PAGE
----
Good afternoon HH fans. The news is coming in at a steady clip today, and I just came across an interesting tid-bit by way of AGEIA that I didn't want to let sit. Today, the fledgling company announced that Futuremark, the makers of the well-known 3DMark and PCMark line of benchmarks, has licensed the PhysX SDK. Here's a snip from the official announcement...
Futuremark Licenses AGEIA PhysX SDK for Inclusion in Industry-Leading Benchmarks
Upcoming Futuremark benchmarks will provide first objective measurement of the extreme physics acceleration in multithreaded, multi-core systems
MOUNTAIN VIEW, Calif. – September 29, 2005 – AGEIA™ Technologies, Inc., the pioneer in hardware-accelerated physics for games, today announced that Futuremark has signed an agreement to license the AGEIA PhysX™ SDK for use in future products. The inclusion of AGEIA PhysX technology will add comprehensive physics benchmarking to Futuremark's traditional battery of performance tests for 3D graphics, CPUs, memory and other component and system parameters.
Among other benefits, the use of AGEIA PhysX technology in Futuremark's high profile client demos and benchmarks will provide an objective measurement of the tremendous improvements in physics performance enabled by the AGEIA PhysX processor. Upcoming Futuremark benchmarks also will test the performance of the AGEIA software physics engine on various hardware configurations in real-life game scenarios. As the world's only multithreaded API for physics, the AGEIA PhysX SDK should excel in exploiting multi-core CPU architectures, which will be the standard in next-generation processors. In addition to raw performance, the multithreaded AGEIA PhysX SDK should also provide consistent scalability, maintaining high performance even with large numbers of objects in a scene. Read More...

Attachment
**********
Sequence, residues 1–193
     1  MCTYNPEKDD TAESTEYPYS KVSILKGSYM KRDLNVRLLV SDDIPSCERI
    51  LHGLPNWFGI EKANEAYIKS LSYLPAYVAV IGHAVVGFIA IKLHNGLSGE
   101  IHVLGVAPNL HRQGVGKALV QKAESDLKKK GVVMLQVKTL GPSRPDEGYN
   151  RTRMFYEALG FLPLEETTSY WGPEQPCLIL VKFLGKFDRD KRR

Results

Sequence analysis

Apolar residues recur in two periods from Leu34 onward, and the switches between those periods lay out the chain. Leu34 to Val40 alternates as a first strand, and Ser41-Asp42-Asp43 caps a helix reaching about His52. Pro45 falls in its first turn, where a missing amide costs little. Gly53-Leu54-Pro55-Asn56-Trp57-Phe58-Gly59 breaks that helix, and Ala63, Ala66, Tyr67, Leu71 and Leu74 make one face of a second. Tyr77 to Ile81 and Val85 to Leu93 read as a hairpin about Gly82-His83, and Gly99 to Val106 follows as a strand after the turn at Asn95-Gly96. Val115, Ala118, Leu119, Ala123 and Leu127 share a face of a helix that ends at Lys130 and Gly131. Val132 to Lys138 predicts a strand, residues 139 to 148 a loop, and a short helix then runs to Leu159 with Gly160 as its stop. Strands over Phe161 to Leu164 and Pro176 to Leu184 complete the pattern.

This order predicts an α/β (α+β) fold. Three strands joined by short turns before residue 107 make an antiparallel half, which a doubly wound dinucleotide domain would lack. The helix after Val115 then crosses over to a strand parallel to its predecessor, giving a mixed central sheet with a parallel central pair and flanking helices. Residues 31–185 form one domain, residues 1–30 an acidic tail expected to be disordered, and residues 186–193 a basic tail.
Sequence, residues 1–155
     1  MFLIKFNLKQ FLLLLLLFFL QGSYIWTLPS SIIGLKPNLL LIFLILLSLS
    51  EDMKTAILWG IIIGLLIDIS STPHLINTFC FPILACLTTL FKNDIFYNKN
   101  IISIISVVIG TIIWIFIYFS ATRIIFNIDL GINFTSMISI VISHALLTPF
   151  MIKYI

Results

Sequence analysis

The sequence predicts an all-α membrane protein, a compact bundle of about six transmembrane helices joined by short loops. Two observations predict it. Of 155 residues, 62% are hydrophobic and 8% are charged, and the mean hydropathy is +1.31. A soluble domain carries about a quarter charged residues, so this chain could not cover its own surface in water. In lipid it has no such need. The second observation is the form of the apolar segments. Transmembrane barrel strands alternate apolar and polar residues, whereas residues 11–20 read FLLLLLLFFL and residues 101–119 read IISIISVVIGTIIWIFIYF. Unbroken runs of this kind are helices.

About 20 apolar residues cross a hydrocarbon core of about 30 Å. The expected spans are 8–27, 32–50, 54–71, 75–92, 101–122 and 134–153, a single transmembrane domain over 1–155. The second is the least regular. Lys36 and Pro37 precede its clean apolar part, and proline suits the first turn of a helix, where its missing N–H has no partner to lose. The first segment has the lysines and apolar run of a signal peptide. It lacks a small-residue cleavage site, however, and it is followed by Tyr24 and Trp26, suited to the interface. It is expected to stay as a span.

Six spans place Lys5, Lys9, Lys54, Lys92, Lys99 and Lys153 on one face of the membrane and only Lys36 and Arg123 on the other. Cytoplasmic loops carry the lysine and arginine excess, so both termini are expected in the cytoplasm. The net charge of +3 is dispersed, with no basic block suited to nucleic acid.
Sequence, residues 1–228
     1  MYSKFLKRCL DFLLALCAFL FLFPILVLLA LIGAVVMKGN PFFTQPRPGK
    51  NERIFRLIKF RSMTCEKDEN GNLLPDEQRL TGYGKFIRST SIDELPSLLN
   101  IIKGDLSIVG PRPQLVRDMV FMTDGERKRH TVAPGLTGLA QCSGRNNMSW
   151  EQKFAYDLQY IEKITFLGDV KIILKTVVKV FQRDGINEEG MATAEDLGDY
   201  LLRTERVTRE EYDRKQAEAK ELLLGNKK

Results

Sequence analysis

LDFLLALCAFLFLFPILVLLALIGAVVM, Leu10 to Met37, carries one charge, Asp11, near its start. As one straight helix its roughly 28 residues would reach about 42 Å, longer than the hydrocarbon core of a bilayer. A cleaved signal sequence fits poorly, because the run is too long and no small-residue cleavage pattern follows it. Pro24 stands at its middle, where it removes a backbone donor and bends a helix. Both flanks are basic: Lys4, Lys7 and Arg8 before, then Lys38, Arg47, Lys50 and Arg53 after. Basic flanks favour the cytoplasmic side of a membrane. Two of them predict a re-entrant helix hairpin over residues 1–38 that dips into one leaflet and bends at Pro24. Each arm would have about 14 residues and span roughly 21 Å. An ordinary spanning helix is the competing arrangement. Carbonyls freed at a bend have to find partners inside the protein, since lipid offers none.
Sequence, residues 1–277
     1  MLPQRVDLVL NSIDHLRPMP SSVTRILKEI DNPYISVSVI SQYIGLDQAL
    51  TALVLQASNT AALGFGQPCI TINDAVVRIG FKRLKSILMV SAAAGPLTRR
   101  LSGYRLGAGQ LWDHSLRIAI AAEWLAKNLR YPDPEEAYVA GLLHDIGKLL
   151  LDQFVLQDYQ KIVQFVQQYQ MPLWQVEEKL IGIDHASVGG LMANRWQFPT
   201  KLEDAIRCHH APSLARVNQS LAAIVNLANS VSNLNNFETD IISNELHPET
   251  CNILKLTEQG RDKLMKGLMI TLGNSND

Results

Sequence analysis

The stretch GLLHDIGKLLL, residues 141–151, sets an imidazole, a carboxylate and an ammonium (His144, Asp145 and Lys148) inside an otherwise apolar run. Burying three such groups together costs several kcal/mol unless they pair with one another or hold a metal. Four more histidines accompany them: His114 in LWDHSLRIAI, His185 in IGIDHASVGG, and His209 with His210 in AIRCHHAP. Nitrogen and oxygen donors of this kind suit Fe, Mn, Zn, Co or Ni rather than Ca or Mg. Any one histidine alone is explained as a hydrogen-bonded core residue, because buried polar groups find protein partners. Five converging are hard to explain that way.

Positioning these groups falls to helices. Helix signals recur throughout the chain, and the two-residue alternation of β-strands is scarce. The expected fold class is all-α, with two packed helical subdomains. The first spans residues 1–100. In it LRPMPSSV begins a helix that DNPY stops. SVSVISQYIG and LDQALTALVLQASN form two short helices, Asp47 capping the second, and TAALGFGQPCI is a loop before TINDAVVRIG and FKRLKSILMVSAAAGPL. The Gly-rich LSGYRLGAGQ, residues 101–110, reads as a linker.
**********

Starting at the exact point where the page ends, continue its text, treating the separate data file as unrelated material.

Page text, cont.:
Whether or not AGEIA's add-in PhysX processor gains wide acceptance amongst the enthusiast community has been a matter of great debate here at HotHardware, and within the rest of the industry. One side argues that there is only so much room for dedicated processors in the PC, and points to the add-in sound card market as an example. The other side claims the benefit of dedicated physics processing could bring a while new level of realism to PC gaming, and contends that enthusiasts will want to enjoy these benefits, provided an add-in PhysX board isn't prohibitively expensive...
What do you all think? We want to know. Voice your opinion in our poll at the upper-right of the page.
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